After the Civil Rights Act in 1964, that prohibited discrimination in employment and established the Equal Employment Opportunity Commission, which was to grant a certain quota of ethnic minorities in all American companies, life of the African-Americans still did not change much. Even today, discrimination is still an issue.

2. The problem of racial and gender equality in Maya Angelou’s poetry

2.1. Integration of the topic “Race” into Angelou’s work

As Maya Angelou is an African-American writer, it seems natural that her people and their position in American society play an important part in her works. Much of her writing is based on personal experience, like her autobiography.

Angelou’s five-volume autobiography portrays many different chapters in her life, starting from her childhood in the South of the USA, her time as a young single parent in San Francisco, her career in show business in Europe and her search for her roots in Africa. Of course, she cannot avoid picking up the topic of race and her poetry is said to be continuation of the oral tradition of African narratives.

So while her five-volume autobiography mainly deals with the problem “what it means to be Black and female in America” (Cudjoe; p.21, ll.24f.), Angelou chooses a bigger variety of topics in her poetry collections that is not restricted to an African-American point of view.

Her first collection of poems “Just Give Me A Cool Drink Of Water ‘Fore I Die” (1971) deals with the pain of being African-American in white America. The second collection, “Oh, Pray My Wings Are Gonna Fit Me Well” (1975) picks up several aspects of life: love and memory, but also racial confrontation in the streets. “Oh Shaker, Why Don’t You Sing” (1983) is written retrospectively, depicting memories from the past, dreams and the pursuit of freedom. There is a development to be noticed in the collections, as the fourth one “And Still I Rise” (1978) is a portrayal of courage, Black pride and survival. “I Shall Not Be Moved” (1990) is the climax of the development, showing the effort of everyone, male or female, to be free. Angelou’s latest collection “On the Pulse of the Morning” (1993) is named after a poem she read at President Clinton’s inauguration.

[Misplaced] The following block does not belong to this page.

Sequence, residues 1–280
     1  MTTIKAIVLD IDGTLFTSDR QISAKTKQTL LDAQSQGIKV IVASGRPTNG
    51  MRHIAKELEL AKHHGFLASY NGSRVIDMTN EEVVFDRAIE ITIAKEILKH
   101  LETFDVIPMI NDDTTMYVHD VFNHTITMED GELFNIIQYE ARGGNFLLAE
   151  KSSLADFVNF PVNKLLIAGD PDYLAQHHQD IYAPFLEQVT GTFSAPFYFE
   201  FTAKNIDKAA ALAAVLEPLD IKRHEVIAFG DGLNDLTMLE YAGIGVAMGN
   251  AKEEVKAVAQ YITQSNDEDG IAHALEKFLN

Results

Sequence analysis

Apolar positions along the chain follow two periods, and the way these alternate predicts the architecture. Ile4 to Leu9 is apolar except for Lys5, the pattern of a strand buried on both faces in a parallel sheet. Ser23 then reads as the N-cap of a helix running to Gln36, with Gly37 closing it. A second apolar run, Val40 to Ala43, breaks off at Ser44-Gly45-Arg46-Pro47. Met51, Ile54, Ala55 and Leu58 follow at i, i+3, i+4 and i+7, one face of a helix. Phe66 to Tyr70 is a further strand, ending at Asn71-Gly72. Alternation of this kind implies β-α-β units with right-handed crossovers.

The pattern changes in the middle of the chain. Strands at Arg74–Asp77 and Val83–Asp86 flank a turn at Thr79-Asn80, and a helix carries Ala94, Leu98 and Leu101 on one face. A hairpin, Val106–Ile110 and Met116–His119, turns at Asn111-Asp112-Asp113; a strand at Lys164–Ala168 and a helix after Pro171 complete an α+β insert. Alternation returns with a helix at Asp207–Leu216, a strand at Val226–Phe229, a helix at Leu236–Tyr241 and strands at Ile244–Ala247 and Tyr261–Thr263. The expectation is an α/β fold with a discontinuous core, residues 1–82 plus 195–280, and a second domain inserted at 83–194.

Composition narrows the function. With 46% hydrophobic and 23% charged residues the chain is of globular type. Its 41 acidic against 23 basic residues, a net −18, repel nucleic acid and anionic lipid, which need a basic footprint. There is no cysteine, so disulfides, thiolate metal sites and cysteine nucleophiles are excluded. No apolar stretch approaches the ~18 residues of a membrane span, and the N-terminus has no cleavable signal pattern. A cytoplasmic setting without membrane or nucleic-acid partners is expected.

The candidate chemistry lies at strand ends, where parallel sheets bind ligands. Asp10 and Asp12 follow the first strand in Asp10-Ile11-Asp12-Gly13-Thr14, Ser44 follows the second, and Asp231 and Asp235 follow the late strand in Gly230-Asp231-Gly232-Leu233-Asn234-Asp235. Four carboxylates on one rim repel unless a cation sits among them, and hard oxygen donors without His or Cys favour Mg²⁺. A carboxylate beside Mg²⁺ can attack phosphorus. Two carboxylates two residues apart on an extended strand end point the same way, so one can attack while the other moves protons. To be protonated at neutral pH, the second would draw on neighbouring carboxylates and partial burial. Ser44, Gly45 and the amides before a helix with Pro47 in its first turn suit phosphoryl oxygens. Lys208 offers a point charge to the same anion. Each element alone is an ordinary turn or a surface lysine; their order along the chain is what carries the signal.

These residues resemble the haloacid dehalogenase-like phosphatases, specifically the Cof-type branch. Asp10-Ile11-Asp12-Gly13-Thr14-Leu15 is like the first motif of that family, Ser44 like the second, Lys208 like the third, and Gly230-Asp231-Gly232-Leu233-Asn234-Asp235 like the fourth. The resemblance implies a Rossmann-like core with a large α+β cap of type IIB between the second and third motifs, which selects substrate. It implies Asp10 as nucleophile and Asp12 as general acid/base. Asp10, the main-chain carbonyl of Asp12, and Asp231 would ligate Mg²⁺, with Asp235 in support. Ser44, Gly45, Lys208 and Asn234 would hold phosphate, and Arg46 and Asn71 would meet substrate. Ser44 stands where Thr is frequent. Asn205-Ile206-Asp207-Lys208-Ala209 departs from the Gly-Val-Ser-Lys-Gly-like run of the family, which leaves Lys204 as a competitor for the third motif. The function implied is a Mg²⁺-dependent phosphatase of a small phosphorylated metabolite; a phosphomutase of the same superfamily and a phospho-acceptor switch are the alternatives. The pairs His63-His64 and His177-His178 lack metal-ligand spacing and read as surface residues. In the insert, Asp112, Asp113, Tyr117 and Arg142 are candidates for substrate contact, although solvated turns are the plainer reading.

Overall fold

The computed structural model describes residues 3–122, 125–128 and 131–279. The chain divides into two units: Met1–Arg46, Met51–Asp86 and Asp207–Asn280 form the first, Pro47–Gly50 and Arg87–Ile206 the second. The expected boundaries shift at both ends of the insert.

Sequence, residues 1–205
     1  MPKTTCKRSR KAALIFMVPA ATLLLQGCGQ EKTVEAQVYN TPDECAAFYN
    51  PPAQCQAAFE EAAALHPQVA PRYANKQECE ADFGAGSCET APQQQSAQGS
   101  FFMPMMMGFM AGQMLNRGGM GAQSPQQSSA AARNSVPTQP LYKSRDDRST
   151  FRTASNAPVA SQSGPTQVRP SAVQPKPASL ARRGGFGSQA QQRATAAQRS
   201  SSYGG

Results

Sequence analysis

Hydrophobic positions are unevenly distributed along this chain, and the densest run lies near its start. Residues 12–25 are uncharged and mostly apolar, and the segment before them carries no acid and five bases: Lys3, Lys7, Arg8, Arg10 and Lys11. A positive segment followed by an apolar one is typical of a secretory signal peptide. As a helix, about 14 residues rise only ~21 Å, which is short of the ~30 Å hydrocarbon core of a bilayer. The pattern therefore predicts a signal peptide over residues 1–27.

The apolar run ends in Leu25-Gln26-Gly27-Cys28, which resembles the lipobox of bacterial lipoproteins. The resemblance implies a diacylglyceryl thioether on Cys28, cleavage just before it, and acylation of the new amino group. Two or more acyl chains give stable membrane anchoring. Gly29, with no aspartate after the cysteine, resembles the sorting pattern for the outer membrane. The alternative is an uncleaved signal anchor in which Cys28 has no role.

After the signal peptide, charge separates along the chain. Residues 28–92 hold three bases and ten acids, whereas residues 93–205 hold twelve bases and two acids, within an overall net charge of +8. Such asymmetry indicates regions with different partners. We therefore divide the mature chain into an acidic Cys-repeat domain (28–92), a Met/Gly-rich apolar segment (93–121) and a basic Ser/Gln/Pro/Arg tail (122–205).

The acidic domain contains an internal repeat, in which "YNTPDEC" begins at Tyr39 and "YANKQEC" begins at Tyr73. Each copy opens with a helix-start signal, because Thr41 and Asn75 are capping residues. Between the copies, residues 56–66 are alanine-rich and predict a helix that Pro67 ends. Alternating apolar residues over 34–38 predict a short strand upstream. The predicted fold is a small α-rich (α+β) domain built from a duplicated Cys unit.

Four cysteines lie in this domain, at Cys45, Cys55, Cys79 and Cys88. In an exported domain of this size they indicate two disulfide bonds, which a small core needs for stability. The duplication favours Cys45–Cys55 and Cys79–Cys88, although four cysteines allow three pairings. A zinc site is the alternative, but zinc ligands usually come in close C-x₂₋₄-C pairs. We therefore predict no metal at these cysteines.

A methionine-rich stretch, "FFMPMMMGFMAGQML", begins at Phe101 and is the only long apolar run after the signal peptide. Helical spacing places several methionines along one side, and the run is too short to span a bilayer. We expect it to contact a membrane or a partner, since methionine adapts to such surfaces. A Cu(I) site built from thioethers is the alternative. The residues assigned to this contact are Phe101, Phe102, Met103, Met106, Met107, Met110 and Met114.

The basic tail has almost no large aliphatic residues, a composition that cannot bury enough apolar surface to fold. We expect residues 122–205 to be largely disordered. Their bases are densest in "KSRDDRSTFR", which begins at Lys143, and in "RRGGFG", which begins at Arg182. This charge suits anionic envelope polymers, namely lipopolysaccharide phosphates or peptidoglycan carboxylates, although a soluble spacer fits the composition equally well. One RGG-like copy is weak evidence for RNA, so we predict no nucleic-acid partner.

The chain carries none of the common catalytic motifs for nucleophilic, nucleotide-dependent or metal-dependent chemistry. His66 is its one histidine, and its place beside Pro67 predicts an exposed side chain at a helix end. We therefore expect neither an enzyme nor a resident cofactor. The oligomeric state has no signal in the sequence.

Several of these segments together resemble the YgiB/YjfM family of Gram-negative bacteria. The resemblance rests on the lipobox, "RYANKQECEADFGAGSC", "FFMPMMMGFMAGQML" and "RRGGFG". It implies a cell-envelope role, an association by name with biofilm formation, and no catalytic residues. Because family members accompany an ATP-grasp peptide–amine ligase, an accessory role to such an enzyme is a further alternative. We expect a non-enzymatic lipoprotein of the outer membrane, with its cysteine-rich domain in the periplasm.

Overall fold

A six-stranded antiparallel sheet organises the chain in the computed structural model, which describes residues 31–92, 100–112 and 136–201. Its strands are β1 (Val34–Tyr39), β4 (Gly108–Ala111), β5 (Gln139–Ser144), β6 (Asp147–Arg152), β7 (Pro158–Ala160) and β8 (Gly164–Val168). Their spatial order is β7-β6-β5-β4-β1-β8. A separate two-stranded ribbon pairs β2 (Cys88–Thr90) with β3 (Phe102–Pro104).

In spite of this diversity of topics, the issue of racial equality is always in the subconscious. Writing about that topic shows Angelou’s position in the struggle for civil rights. She is aware that there have to be changes, but she does not want to achieve them using violence. She sees no solution in violence and probably she believes that words can be more powerful than physical means. Her writing is a peaceful way of fighting.

2.2. Presentation of the topic “equality” in Angelou’s poetry

2.2.1. Analysis of “Equality”

“Equality” is one of Angelou’s later poems and was published in the volume “I Shall Not Be Moved” in 1990. As the title already implies it deals with equality, racial equality as well as gender equality, but is quite contrasting in its presentation.

The poem seems to be divided by an invisible line drawn by the lyrical I that differs strongly between “you” and “I”. My thesis is that the pronoun “I” represents the African-American and the pronoun “you” the white population of the USA. Both of them are weighed up to each other in this poem, loosely connected by cross rhyming of the first and third verse of every stanza.

[...]


[1] Harlem Renaissance: Literary movement in the 1920s. The writers used folk material and forms like e.g. spirituals, blues and ballads in their works. These were meant to be source of black identity. The artist should not wish to be white, but realize that not only black culture but also he is beautiful.

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Details

Title
Presentation of the problem of racial and gender equality in Maya Angelou's poetry
College
University of Siegen
Course
American Poetry
Grade
1,0 (A)
Author
Year
2004
Pages
15
Catalog Number
V25979
ISBN (eBook)
9783638284530
ISBN (Book)
9783638747998
File size
529 KB
Language
English
Tags
Maya, Angelou, American, Poetry, gender, equality
Quote paper
BA, MA Kathrin Gerbe (Author), 2004, Presentation of the problem of racial and gender equality in Maya Angelou's poetry, Munich, GRIN Verlag, https://www.grin.com/document/25979